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Standard Performance Evaluation Corporation

 
 

Frequently Asked Questions (FAQs)
About the SPECjvm98 Benchmark

  1. What is SPECjvm98?
  2. What is the price of a SPECjvm98 license and when will it be available?
  3. What specific aspects of performance does SPECjvm98 measure?
  4. What metrics does SPECjvm98 use to report performance?
  5. What is the difference between a "base" and "non-base" metric?
  6. How are the numerical values for these numbers calculated?
  7. Which metric should be used to measure performance?
  8. What programs make up the test suite?
  9. Which tests represent real applications?
  10. Can I use these applications for non-benchmarking purposes?
  11. What do you get when you order SPECjvm98?
  12. What are the requirements for running SPECjvm98?
  13. Do I need Java capabilities on my server to run the benchmark?
  14. Can I see what the benchmark suite looks like?
  15. What criteria were used to select the benchmarks?
  16. Where can official SPECjvm98 results be obtained?
  17. Can SPECjvm98 results be compared to results from other SPEC benchmarks?
  18. What is the reference machine and why was it chosen?
  19. Does the choice of reference machine affect the metrics?
  20. Why did you choose bytecode execution times instead of JITted execution
  21. Does garbage collection affect SPECjvm98 results?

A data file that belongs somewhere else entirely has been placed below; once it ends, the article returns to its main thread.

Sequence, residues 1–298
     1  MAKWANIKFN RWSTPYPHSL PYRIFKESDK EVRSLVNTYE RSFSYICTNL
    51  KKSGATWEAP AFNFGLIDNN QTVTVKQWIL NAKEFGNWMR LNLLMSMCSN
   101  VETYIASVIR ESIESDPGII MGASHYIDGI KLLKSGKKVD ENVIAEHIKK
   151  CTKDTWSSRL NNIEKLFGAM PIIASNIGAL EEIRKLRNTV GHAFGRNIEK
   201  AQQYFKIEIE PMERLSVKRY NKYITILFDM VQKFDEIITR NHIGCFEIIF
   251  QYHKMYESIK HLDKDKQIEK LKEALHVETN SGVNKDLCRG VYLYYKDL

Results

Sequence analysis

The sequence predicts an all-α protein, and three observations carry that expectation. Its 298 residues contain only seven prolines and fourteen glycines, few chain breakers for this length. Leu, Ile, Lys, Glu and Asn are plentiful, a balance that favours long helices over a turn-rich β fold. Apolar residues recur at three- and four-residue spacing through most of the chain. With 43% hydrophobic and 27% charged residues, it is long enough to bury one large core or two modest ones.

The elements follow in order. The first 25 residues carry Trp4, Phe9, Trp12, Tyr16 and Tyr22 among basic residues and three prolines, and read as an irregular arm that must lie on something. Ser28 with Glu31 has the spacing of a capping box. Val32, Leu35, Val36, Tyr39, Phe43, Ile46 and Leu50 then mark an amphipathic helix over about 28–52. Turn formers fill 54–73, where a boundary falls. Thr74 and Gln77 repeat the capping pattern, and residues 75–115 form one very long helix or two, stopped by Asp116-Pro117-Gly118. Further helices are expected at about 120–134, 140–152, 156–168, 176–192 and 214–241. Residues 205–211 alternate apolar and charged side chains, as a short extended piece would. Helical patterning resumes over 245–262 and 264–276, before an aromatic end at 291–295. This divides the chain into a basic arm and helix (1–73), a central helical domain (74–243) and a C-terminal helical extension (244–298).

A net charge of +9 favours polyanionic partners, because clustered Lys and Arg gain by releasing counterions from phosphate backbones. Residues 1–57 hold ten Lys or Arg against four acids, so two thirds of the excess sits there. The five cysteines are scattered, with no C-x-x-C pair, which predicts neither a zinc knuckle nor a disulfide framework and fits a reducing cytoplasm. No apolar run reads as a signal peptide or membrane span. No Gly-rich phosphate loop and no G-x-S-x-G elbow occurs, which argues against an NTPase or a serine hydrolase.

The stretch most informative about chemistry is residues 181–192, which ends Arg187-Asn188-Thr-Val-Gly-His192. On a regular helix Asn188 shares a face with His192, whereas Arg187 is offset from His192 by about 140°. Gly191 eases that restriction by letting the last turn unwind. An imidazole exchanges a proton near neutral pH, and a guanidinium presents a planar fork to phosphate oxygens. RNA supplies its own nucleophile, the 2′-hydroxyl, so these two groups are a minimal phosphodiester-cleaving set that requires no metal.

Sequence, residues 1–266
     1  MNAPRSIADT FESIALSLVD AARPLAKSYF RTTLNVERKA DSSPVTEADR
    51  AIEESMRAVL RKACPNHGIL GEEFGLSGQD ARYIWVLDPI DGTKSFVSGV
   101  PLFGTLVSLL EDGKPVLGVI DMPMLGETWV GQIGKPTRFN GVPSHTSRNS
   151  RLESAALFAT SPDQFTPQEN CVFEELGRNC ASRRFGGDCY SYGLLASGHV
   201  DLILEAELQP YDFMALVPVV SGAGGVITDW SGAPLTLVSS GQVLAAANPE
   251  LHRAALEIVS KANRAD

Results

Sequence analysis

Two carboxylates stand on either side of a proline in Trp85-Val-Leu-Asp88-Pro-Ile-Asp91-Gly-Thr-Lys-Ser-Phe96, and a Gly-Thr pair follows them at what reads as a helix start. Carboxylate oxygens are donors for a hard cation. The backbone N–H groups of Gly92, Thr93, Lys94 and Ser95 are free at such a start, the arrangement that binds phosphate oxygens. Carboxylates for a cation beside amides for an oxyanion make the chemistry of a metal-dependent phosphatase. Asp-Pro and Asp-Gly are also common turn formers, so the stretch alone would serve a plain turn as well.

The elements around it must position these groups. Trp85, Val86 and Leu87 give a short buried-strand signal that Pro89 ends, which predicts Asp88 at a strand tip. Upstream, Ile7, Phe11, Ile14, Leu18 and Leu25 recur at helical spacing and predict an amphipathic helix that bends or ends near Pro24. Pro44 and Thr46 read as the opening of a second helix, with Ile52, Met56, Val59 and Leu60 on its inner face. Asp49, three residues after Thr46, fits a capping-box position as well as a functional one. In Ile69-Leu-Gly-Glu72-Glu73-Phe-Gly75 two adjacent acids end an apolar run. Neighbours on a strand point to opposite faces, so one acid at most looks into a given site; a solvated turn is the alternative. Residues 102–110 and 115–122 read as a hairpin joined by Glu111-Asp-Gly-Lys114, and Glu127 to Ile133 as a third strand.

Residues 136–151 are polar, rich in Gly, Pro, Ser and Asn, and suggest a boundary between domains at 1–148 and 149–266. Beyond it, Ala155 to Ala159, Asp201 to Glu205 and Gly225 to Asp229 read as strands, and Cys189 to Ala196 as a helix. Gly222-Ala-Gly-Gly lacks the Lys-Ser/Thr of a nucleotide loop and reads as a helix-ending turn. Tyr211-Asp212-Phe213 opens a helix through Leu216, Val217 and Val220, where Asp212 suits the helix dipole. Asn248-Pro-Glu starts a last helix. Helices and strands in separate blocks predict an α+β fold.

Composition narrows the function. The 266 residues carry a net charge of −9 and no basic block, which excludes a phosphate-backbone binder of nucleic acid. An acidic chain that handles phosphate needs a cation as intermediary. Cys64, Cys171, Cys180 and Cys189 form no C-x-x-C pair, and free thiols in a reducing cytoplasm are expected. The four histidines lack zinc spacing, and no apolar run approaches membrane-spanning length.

22. Why do you separate results into different memory sizes? What are these classifications supposed to represent?
  23. What is the smallest amount of memory needed to run the benchmarks?
  24. How much JVM heap memory is required?
  25. How much memory would it take to avoid garbage collection altogether?
  26. Are SPECjvm98 results repeatable?
  27. Why must the benchmarks be run as applets from a web server?
  28. Why in some cases do results differ significantly when the server is local as opposed to remote? Are "server local" results (when the web server is run on the client machine) comparable to "server remote" results?
  29. What does "problem size 100" mean? Is the benchmark scalable?
  30. Does this benchmark suite replace CINT95 or CFP95?
  31. How do SPECjvm98 benchmark results relate to SPECweb96?
  32. Is this the multimedia benchmark suite I read about from SPEC/GPC?
  33. Do you provide source code for all the benchmarks?
  34. Is there a "rate" metric for SPECjvm98?
  35. Why is it necessary to read all the SPECjvm98 numbers to get a good idea of performance?
  36. Can SPECjvm98 help users compare Java and C++ performance?
  37. How long does it take to run the SPECjvm98 benchmarks?
  38. What factors affecting Java performance are not measured by SPECjvm98?